My son and his girlfriend have found themselves on a path, together, that has certainly brought affirmations to his life, and I am sure, to hers.  I’m glad to read of their being focused just on one another, when they are in each other’s presence. As an only child, he has struggled with loneliness, and coped by building hybrid families of peers, when we lived in Phoenix.  He has natural leadership abilities, which of course are more obvious to others, including yours truly, than to himself.  His beautiful friend sees these qualities, I’m certain.  It’s one of the things that gave her the sense of when it was right to walk by his side.

My work situation seems to have becalmed.  I have been assured of a position, come Fall. I am also closer to finishing my yard work- just two small sections remain in the back, and some maintenance work awaits, in the front.  I began gathering things , this afternoon, which can possibly be useful to the Women’s and Family Shelter, and a few things that might be useful to a day center for the homeless.  That work will continue, over the next several days.  It is obvious that it’s time to get rid of all clutter.

Knowing when is the key to a successful outcome.

 

 

Peacefulness Is Back

10

June 7, 2017, Prescott-

Questions of longevity are always in the background, as I think about what one might do, over the next three to five years. I just finished reading a book, Apocalypse, by Dr, Jim Richards, a Christian writer and broadcaster, and will have more to say about said book, a post or two from now.  The thing I wish to mention, here, is Dr. Richards’ trust in God is a true thing of beauty, and I have to say, I share just about all of it.  That gives me something on which to work.

Several things happened today, all of them good.  I pretty much am down to two large and two small sections of brush, to be cleared, after a mild, cool morning served as my incentive to get more done than I had planned.  I got more supportive e-mails from the District, including one I had never expected, from my recent supervisor.  Goes to show, I need to work on my reading of people’s cues.  Anyway, the job situation looks set for the coming year.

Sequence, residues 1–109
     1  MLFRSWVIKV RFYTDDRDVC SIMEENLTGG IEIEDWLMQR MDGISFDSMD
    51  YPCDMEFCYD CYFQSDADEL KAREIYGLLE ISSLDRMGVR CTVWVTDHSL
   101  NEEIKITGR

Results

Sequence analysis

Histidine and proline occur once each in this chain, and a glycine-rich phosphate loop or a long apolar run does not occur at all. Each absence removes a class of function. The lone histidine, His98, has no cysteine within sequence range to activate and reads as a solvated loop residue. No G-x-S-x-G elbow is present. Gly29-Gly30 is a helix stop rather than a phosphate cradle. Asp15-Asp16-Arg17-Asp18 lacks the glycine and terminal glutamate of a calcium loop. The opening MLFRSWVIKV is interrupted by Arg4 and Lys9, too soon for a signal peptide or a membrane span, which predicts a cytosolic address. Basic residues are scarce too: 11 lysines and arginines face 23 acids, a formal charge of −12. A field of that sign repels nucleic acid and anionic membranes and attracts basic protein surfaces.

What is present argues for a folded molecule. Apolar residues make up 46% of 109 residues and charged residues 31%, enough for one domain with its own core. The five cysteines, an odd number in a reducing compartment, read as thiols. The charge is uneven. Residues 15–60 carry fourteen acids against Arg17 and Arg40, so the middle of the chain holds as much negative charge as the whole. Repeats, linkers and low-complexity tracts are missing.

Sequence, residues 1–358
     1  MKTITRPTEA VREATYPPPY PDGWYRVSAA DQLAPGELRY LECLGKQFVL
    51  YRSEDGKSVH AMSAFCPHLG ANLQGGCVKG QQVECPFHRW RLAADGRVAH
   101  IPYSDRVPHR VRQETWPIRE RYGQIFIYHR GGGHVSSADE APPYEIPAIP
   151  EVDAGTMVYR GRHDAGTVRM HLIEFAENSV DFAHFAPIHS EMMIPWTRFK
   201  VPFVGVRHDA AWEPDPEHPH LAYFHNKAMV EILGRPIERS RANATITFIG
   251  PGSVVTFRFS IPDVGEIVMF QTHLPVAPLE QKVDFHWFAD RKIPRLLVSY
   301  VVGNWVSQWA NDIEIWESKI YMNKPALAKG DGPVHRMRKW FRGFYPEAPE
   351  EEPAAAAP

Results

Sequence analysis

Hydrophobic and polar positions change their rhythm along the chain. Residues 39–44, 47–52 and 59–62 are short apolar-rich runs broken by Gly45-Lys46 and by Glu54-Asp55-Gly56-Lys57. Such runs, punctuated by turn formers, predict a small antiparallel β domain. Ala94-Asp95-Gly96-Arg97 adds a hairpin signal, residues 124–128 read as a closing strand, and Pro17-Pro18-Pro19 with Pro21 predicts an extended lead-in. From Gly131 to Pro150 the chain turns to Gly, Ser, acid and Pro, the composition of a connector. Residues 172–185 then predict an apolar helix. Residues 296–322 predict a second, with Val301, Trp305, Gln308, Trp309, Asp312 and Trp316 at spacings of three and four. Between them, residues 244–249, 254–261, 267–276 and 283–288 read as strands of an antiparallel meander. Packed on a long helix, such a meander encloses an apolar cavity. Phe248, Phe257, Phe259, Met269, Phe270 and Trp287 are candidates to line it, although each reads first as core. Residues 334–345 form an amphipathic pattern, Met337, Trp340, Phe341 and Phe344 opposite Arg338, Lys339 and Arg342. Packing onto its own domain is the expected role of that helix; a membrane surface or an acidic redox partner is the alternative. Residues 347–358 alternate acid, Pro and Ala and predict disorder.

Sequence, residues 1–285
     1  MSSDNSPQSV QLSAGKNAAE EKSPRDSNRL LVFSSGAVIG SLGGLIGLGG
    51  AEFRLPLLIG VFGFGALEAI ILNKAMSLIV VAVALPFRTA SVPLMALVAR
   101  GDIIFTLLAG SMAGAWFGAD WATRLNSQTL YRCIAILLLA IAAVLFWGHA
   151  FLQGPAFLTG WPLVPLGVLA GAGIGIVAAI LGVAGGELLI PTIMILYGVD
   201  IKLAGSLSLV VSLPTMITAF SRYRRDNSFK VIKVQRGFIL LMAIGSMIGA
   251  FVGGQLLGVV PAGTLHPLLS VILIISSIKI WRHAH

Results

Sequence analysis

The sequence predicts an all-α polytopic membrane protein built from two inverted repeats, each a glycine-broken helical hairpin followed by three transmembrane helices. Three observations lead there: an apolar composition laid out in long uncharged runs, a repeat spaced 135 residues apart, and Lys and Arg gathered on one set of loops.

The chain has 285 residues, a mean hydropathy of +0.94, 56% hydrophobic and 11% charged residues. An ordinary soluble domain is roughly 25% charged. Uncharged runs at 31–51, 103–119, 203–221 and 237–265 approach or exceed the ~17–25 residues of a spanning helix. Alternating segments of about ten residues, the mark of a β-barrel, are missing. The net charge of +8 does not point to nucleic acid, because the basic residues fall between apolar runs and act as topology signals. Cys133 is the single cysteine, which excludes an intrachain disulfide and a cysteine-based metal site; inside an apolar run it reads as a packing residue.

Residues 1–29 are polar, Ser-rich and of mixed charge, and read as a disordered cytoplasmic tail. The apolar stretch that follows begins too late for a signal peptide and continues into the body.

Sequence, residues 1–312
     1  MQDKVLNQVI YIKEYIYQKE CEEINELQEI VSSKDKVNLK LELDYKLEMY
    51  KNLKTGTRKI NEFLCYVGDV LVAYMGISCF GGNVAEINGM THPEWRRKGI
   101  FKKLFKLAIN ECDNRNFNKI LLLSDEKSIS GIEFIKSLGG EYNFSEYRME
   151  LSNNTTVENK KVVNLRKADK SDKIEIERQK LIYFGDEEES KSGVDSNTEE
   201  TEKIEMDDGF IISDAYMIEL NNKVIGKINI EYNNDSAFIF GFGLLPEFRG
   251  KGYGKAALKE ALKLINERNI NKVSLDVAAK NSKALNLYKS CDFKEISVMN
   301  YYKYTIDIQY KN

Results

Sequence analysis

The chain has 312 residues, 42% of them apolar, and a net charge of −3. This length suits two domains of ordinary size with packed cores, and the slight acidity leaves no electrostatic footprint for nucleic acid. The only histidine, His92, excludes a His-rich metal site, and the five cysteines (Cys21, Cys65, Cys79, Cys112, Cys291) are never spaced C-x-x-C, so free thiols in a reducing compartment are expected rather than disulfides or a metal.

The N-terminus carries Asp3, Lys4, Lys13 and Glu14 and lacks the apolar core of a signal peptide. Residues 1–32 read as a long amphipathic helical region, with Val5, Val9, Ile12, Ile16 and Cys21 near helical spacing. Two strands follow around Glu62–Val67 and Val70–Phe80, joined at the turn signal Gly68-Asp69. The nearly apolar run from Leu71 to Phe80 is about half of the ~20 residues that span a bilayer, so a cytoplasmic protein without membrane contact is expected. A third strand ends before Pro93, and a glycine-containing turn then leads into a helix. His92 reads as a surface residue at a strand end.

Housing is something about which I am still pondering.  I am also getting advice, mostly unsolicited, about my supplemental finances.  The final decisions about both will be made towards the end of this month.

Having spoken at length with Aram, last night, I reiterate as to how proud I am of what he has achieved, and how he is facing continuing challenges.  He has another person to support him in his efforts now, and that, as many of us know, will make all the difference.

The car will get serviced on Friday, I will continue downsizing and yard work, the rest of this week- and the latter part of next,  and in between, run an errand of mercy in southern California, as well as visiting a friend, or three, there.

Rough patches tend not to last long, if one pushes forward with, as Muhammad Ali said, “eyes on the prize”.

Sixty Six, for Sixty-Six, Part XXXIV: Different

14

May 11, 2017, Prescott-

I have, as most are aware, led a life that has been far from conventional.  My love and I did not play by the rules, as much as we might have, when purchasing our home, in 2003.  I did proudly bring in my mortgage check, for five years, whilst juggling her increasingly unpredictable medical state.  Then came the Madoff scandal, which hit us, indirectly.  Then came the “Great Recession”, bankruptcy and short sale.  Three years later, she was gone.  Son moved on with his life, a testament to our own resiliency, and his.

We, the survivors, are hanging in there.  He’s fine in Busan, South Korea, as far as I can tell.  I am stable in Prescott, as far as I can tell. Money is tight, but no matter.  Those who played by the rules have their struggles, as well.  In the end, we each have what we’ve earned, and little else.

My autism has made me different, from day one.  I approach new situations, new groups of people, from a distance, with some caution.That’s caused issues with others, who jump into newness with both feet, and think a delayed response is a sign of apathy.  It’s caused initial issues with women, who are more in tune with connection.  After reading my heart, much of that has faded away, but it still irks me- that I can’t.quite. be. as forthcoming with new friends, as seems reasonable.